Julian Gallo is a musician/writer/painter who has poems and short stories published in about 40 magazines and journals throughout the United States, Canada and Europe and also has 10 books under his belt: “Standing On Lorimer Street Awaiting Crucifixion” (Alpha Beat Press, 1996), “The Terror of Your Cunt is The Beauty of Your Face” (Black Spring Press, 1999), “Street Gospel Mystical Intellectual Survival Codes” (Budget Press, 2000), “Scrape That Violin More Darkly Then Hover Like Smoke In The Air” (Black Spring Press, 2001), “Existential Labyrinths” (Black Spring Press, 2003), “Window Shopping For A New Crown of Thorns” (Lulu Press, 2007), “November Rust” (Lulu Press, 2007), “My Arrival Is Marked By Illuminating Stains” (Lulu Press 2007), “A Symphony of Olives” (Propaganda Press, 2009) and “Divertimiento” (Propaganda Press, 2009). His second novel “Naderia” (Beat Corrida) was released in January 2011 and his third, “Be Still and Know That I Am” (Beat Corrida) was released in September 2011. He is also currently playing guitar and bass for NYC singer/songwriter Linda La Porte.

Connect with Julian
Web Site | Twitter: @JulianGallo66

 

Title

November Rust

November Rust

Naderia

Naderia

Be Still and Know That I Am

Be Still and Know That I Am

 

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  1. “In the end, though, what drives us to create anything is this insatiable desire, this need to express ourselves.”

    Incredibly true. I’ve been accused of being overly opinionated, and I always reply, “No. I’m just a writer.”

    “She may be beautiful but she’s not always cooperative and I suspect that these bouts of writer’s block that occur at times is her way of saying that she will only lead me there, not do the work for me.”

    I wish such a beautiful statement wasn’t about such an ugly thing. Writer’s block is BEYOND painful, but as you said, you need to go full steam ahead and do the work.

    Another wonderful piece, Julian.

  2. I’ve read Julian’s work for a few years now and can say his three novels are superb, especially Naderia. He has definitely honed his voice into something special because he has put the work in and has a rare talent. Great writer, highly recommend any of his books.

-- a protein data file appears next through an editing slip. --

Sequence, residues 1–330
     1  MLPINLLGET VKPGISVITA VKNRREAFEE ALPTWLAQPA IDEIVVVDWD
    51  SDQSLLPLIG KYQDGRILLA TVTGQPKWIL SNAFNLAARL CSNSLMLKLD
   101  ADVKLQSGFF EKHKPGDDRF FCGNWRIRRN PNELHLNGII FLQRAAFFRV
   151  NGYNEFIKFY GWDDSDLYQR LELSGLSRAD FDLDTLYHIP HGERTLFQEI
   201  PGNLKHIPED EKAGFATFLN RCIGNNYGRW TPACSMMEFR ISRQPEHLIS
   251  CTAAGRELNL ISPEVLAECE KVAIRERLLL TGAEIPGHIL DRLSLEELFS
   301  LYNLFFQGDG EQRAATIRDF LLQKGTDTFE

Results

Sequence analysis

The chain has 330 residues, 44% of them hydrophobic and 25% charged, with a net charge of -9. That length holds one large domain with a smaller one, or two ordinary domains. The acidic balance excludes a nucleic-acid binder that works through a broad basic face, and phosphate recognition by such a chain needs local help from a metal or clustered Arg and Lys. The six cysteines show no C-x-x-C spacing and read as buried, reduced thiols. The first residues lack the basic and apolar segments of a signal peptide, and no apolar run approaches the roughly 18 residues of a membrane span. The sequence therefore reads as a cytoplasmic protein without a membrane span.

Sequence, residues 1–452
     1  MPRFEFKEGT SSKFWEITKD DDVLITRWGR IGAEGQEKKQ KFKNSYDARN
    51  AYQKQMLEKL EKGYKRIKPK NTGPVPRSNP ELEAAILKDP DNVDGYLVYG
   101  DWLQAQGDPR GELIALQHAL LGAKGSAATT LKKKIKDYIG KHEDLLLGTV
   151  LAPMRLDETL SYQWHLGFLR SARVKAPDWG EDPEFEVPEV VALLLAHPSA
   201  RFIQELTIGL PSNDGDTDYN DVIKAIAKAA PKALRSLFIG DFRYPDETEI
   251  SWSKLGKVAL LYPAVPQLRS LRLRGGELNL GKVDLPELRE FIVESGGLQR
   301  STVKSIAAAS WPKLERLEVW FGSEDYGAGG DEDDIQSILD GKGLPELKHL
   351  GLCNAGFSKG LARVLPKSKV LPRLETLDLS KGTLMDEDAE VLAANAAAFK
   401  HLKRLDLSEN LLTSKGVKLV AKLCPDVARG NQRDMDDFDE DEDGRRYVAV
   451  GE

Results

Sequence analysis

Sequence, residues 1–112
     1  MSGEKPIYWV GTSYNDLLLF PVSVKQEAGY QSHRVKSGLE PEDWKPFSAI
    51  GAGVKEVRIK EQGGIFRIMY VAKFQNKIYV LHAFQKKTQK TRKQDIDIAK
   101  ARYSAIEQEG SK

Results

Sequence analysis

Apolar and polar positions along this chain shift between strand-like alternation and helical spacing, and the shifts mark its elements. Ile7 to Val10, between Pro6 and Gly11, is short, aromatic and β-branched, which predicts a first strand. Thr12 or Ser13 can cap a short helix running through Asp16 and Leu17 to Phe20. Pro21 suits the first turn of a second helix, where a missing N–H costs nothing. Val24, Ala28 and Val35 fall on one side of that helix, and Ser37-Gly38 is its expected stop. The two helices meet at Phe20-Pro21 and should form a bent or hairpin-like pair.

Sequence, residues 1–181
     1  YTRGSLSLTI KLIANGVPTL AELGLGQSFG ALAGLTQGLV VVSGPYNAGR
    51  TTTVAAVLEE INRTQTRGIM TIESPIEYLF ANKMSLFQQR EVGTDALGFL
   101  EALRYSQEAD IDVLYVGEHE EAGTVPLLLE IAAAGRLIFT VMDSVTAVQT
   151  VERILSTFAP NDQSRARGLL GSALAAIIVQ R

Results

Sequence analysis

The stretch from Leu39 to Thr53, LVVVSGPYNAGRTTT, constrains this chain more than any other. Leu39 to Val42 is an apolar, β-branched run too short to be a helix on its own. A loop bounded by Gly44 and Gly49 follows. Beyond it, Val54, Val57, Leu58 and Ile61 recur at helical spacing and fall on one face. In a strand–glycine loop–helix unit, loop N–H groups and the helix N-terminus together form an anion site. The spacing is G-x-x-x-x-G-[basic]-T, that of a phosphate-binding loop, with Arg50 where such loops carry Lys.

3. Thank you Jen & Garry for your kind words and support. It is always greatly appreciated as you know. Thank you both for being there.

    • Julian, I enjoyed reading your observation of words “waiting to be used, waiting to be set free to dance across the page,” and then your confirmation of that, in your epiphany: “it dawned on me that I had written something about trying to come up with something to write about.” It was a refreshing peek right into the roots of your creative process. Isn’t it that the nitty-gritty of creation: communicating with an ‘alive’ inner spirit?

      I agree with you, that desire and primal urges drive us to create. I suppose there is a level of creativity that might not involve those two things—I’m thinking of graphic design (advertising)—but, given that, I believe the audience can tell the difference.

      I am also curious to know more about the creation of ‘Thelonious Monk Quartet.’ Would you give us some insight?

      Julian, great piece. Thank you for scraping down to the foundations of the creative process.

      • Thank you for your kind words, Terre. I appreciate it. There’s really not much behind the painting other than I was listening to Thenolious Monk when I was painting it – and tried to come up with a sort of abstract version of what I was listening to. At the moment, I can’t remember which song it was but that was sort of the thing behind it. An experiment mostly. Glad you enjoyed it. Thank you again for everything. :-)